As Cyprian pointed out, non-believers will notice how Christians behave in a crisis, and we have an opportunity to show the world what we believe by how we act.


In 1527, a plague struck Martin Luther’s home in Wittenberg. His university was closed and residents were fleeing, but he refused to leave. Instead, he helped care for the sick. When challenged, he wrote an open letter, Whether One May Flee From A Deadly Plague. In that letter Luther offers practical, biblical advice to help Christians think through their actions in response to the plague. He shows compassion for the fearful but also gives a challenge to remain faithful and dedicate ourselves to serving our neighbours:


This I well know, that if it were Christ or his mother who were laid low by illness, everybody would be so solicitous and would gladly become a servant or helper. Everyone would want to be bold and fearless; nobody would flee but everyone would come running. 4


Some believers have bucked against government measures which seek to contain this virus by restricting church gatherings. They see compliance with such government measures as a sign of the triumph of our new pagan society over old-fashioned faith and piety. Yet, history tells us that even these measures are not unprecedented. As recently as the Spanish Flu pandemic of 1918–20, schools and churches were closed in many cities. God’s faithful people nevertheless found other ways to minister: they encouraged each other through windows and doorways, worshipped in their homes, and church buildings became hospitals. 5


As much as we can learn from these examples, there are some obvious differences in our current situation. Today, we have medical professionals who provide expert care for the sick, so ordinary Christians aren’t required to bear the same load as in ancient times. But we can help in other ways. We can look for ways to support overworked medical staff or vulnerable friends and neighbours. We can offer friendship to those who are lonely and isolated by quarantine. Even small actions can be powerful. We can also be a model to the community by cheerfully following public health orders, acting selflessly, while remaining calm in the present and optimistic about the future. We can offer an anxious world the hope and comfort of being in Christ.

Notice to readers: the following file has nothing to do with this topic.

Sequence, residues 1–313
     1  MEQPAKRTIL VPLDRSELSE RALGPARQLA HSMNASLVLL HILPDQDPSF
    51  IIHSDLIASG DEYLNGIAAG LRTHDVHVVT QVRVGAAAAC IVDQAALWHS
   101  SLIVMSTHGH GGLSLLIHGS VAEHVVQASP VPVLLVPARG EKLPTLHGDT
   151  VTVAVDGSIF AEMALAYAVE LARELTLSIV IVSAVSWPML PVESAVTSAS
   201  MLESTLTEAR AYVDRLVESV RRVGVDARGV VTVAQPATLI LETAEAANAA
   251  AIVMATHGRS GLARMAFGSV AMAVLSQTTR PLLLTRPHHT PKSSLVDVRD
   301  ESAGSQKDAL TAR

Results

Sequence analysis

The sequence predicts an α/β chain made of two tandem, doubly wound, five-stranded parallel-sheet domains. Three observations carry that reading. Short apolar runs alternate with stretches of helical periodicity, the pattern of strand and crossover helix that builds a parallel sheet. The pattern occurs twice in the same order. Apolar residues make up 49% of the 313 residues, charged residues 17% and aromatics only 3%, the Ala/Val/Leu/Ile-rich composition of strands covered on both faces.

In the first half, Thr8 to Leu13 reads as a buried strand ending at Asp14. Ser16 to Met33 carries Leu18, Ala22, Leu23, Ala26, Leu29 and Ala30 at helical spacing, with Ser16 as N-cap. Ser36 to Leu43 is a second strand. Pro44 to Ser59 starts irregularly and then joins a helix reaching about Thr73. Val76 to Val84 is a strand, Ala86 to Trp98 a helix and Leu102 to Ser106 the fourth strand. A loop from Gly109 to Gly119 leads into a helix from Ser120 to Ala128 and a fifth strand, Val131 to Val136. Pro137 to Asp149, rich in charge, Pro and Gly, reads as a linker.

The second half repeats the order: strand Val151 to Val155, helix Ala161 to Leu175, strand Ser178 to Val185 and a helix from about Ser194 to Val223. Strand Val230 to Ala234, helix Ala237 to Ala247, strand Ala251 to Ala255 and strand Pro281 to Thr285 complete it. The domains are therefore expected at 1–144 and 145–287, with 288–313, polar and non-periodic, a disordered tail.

Throughout the ages, God’s people have risen to the challenges that have faced them. Challenging times strip back our facades to show what truly lies beneath. What will this pandemic crisis reveal about us?

1 Dionysius, “Easter Letter to the Brethren in Alexandria” in Eusebius, Ecclesiastical History, vol VII 22.

2  Rodney Stark, The Triumph of Christianity (Princeton University Press, 1996) 88.

3  Cyprian, Treatise VII: On the Mortality, paragraph 20.

Nathan Holyoak is a member of The Point Church in Brisbane and an associate editor of InterSections.